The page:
New York - Unlike other reptiles and mammals, alligators sport a permanently erect penis that hide inside their bodies, a new study has found.
According to the study, their erect penises made of tough, fibrous tissue that shoot out of their bodies and get pulled back in just as quickly, the Huffington Post reported.
âIt is really interesting and really bizarre, very different from anything weâve seen in vertebrates,â study author Diane Kelly, an anatomist at the University of Massachusetts said.
Very little was known about how alligators mate, Kelly told LiveScience.
In 1915, one scientist briefly described the alligator penis in a paper, but âat the end of it he actually says something to the effect of âI have no idea how this thing worksâ,â Kelly said.
To find out, Kelly procured a few dead American alligators from the Rockefeller Wildlife Refuge in Louisiana, one of which was more than 13 feet (4 meters) long. She dissected the alligator and was surprised at what she found.
Hidden inside the alligatorâs waste and reproductive orifice, known as a cloaca (which is Latin for âsewerâ), was a nearly 2.75-inch (7-centimeter)-long, pasty white phallus.
When she dissected the penile tissue, she found it was filled with a stiff, fibrous material called collagen.
Kelly then filled the penis with saline fluid. In mammals, turtles and birds, inflating the vascular region of a penis with saline enlarges it, allowing anatomists to see how the penis becomes erect.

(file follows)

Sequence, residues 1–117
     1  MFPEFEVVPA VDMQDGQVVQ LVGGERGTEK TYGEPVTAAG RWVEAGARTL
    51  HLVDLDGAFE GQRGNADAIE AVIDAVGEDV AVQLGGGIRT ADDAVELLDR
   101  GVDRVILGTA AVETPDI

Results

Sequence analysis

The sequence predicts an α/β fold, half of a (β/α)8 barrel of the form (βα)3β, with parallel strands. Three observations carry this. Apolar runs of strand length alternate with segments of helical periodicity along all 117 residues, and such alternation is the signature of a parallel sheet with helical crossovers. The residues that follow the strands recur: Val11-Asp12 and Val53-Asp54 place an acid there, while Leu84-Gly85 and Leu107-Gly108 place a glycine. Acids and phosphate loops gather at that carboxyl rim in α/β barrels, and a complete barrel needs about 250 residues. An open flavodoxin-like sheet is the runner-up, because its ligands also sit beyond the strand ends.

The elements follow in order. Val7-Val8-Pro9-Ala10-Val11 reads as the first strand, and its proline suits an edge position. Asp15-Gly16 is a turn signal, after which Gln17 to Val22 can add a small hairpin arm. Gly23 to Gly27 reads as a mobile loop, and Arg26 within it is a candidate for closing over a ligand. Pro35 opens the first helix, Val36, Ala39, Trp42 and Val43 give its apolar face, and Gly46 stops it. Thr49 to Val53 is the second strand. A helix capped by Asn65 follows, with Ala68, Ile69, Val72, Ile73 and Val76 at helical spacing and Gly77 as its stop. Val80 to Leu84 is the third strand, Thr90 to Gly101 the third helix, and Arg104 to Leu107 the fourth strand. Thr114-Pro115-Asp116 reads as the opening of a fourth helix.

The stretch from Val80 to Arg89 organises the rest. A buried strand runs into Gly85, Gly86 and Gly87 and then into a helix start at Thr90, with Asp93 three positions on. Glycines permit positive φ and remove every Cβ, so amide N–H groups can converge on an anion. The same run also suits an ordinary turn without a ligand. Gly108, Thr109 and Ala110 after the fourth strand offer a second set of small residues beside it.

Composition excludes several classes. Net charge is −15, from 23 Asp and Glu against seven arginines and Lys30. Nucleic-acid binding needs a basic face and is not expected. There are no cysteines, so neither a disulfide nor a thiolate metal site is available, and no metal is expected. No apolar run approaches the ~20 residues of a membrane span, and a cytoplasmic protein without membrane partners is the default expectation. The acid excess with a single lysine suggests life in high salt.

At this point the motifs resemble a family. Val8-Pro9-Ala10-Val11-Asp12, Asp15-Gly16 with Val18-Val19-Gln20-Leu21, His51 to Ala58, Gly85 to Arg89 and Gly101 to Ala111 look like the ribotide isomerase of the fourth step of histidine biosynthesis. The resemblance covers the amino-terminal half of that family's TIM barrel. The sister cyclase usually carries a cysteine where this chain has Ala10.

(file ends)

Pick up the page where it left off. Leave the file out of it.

âI tried it with the alligator and I got no length change, I got no diameter change. I got nothing. It became very clear to me right then and there that there was something very different,â she said.
Kelly surmised that the vascular space inside the alligator penis was so full of collagen that it was simply too stiff to inflate.
To see how it popped in and out of the alligatorâs body, she tugged on various tendons and muscles in the cloaca region and found one set of muscles that caused the penis to shoot out. Another set of tendons attaches to the base of the penis like rubber bands, she said.
âAs soon as those muscles relax, the penis gets whipped back into its original position,â she said.
Kelly isnât sure whether the penis comes out only during mating or also at other times, though she thinks itâs the former.
Since crocodiles and alligators are closely related, crocodile penises probably work the same way, she said, though she and other scientists have never studied the crocodile penis.
The study is published in the journal Anatomical Record.